Mom: “Hey hon, I saw money in the pool bag before I asked you to put the change on the counter and now there is no change? Can you tell me about that?”

If he lies, Mom could leave it at that, or say: “Ok, if you remember differently later, let me know.”

When money is doled out again, you might have a conversation about whose money it is, or give him only the money he can spend and you don't care about change, or ask him how he wants to handle the change. Children feel so respected when we START with asking THEM how they want to handle things. We are often surprised how willing they are to cooperate when they are in the drivers seat and don't FIRST have to endure one of our lectures (as amazing as it probably is!).

When it comes to honesty, the trick is to have a relationship with our child where they can tell us the truth. So don’t be overly disappointed or devastated by the lying, and don’t yell at them. Take it in, consider, circle back. Say it with me now, “Take it in. Consider. Circle back.”

The Consider and the Circle Back is where the relationship building power is. We aren't letting kids 'get away' with anything, we are learning about who our kids is.

Where can we practice being someone who can handle the truth*?

*Often, it's those of us that are sneaky, or tell white lies, or don't give full information that often are obsessed with getting our kid not to lie.


3 Ways We Accidentally Dis-Respect Our Kids

1. Ask questions we know the answer to

If you know your child took the cookies, the money, the brother's t-shirt, it's very disrespectful to ask. Catching people in lies does not teach people not to lie. If you know the answer to the question phrase it as such, "I saw the oreos were all eaten, I was looking forward to sharing them. We'll be taking a sugar break for a week." "I am assuming there was change from that trip to the Safeway, please leave it on my desk." "Joe's Supreme t-shirt needs to be washed before he comes home from camp on Saturday."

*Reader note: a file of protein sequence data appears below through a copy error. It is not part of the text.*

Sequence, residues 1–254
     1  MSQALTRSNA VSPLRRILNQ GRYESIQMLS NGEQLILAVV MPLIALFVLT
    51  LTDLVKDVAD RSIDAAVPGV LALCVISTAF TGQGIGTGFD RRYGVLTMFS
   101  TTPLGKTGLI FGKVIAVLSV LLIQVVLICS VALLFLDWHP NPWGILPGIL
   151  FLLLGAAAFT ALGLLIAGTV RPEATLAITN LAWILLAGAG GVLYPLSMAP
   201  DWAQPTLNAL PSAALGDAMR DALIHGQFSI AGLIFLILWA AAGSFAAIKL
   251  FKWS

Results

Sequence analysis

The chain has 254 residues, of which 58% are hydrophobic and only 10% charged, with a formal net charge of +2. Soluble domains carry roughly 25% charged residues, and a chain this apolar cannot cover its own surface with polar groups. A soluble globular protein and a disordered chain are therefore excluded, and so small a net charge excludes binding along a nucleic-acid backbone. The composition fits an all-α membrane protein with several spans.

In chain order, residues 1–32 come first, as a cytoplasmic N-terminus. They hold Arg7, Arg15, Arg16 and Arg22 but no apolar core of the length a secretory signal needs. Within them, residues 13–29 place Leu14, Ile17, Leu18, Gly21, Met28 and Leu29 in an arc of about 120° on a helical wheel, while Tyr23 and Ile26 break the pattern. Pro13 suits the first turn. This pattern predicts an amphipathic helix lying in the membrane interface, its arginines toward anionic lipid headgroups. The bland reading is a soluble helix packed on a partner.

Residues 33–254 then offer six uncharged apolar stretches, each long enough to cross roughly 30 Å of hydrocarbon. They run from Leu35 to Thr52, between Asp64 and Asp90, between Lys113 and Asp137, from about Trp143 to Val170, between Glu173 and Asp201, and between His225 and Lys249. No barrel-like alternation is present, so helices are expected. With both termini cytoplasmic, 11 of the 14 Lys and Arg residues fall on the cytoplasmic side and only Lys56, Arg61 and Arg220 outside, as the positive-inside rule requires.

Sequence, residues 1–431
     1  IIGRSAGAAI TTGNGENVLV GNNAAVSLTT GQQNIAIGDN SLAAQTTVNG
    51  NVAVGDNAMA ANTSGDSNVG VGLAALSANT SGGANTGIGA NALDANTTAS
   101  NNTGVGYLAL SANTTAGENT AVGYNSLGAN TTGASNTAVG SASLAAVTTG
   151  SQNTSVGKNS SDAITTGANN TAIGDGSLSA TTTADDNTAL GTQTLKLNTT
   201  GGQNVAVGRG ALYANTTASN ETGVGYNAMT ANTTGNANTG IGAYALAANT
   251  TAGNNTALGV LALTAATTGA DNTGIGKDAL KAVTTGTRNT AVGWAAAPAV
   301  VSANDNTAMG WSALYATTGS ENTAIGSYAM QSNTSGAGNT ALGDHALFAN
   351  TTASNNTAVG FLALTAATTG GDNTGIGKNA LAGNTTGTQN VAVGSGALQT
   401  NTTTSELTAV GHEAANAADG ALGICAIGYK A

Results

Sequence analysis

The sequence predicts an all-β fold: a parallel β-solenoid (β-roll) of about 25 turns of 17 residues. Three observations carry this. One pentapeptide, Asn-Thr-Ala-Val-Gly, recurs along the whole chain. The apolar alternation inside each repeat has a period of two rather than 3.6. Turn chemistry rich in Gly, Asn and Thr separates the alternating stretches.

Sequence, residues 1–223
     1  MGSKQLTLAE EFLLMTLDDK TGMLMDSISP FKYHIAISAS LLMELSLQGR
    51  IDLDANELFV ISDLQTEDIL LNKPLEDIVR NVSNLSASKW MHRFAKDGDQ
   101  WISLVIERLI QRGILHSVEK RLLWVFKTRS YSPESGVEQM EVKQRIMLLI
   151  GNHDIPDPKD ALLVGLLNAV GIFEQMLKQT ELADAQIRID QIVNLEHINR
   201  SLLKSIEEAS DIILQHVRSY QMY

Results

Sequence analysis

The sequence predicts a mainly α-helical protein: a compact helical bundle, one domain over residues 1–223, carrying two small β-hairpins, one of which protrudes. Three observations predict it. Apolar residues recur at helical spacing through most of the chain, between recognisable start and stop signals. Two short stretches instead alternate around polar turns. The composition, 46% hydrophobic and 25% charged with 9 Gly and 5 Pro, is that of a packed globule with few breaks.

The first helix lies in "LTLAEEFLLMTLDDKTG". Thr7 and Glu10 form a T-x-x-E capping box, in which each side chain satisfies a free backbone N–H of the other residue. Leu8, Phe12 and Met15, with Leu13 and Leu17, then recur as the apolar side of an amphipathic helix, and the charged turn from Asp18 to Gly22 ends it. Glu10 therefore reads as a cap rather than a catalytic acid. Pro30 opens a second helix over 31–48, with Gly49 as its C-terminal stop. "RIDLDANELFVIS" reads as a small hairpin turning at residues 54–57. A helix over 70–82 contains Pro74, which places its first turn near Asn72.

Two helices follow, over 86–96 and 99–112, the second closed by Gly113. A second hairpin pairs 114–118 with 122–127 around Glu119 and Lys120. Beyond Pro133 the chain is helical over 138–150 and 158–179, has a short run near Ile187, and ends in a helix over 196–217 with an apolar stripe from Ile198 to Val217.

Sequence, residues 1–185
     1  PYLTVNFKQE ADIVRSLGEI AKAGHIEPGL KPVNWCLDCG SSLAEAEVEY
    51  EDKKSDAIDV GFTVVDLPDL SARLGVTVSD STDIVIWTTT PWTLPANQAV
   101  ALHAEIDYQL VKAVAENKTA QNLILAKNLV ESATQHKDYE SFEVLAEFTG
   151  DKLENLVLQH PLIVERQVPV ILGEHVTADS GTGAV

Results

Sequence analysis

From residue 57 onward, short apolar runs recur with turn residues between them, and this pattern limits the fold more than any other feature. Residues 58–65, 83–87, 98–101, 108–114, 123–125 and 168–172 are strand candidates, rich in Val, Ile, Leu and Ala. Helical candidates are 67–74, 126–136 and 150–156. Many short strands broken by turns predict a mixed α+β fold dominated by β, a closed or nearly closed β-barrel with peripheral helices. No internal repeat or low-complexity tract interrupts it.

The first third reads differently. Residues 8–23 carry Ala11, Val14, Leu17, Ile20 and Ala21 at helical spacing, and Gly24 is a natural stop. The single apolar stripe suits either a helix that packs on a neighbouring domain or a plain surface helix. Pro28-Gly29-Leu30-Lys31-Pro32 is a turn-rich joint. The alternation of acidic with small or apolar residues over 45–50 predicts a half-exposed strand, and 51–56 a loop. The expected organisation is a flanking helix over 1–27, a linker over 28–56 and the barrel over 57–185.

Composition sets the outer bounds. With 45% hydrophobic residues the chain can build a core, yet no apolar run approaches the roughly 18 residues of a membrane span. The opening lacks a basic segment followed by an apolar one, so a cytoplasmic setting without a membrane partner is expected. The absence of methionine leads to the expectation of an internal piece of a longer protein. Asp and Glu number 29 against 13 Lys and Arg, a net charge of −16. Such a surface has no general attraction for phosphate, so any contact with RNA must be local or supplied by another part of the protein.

2. We Are Nice

We ask them to clean their rooms, they don't, we buy them new clothes. While we are buying the new clothes we remind them that we expect them pick up these clothes, after all we've done for them. Then, guess what? Their room is still totally messy and we completely ADDED to their insanity. That is disrespectful. Being NICE is not always respectful (recovering nice people out there, click here for a little re-fresher).

3. We Are Disappointed

You guys, they want us to love and admire them. They do, they really do. When we think they will do better because we are disappointed in them, we are both WRONG and we are draining the relationship. They are little, they are emerging people, and I'm betting we aren't so perfect either. Expect the tantrums, back-talk, procrastination, the bad grades, the messy rooms, the disorganization. Instead of being disappointed, be curious, ask questions. Maybe re-read The Only Shocking Part, you'll get a good giggle along with some good info broken down by age group.


Freedom, however, is not the last word. Freedom is only part of the story and half of the truth. Freedom is but the negative aspect of the whole phenomenon whose positive aspect is responsibleness. In fact, freedom is in danger of degenerating into mere arbitrariness unless it is lived in terms of responsibleness. That is why I recommend that the Statue of Liberty on the East Coast be supplemented by a Statue of Responsibility on the West Coast.
— Viktor Frankl

Usually, us parents either hand freedom over without the corresponding responsibility (give them a phone without knowing they can either help pay or act responsibly with it), or we are heavy on the responsibility but stingy with the freedom (you are in charge of your own laundry, but you have to do it my way, when I say it's time).

This July 4th let's balance out the two. Here's some examples to get you thinking. . .

Phones are purchased AFTER child has earned/saved some of the money needed to get it. AFTER the child has shown they are reliable with the parents devices (stays on age appropriate websites, forks it over when it's time, has minimal breakdowns over the handing over of the device). Child shows responsibility BEFORE they are given a GIANT freedom that most GROWN-UPS have a hard time managing THEMSELVES!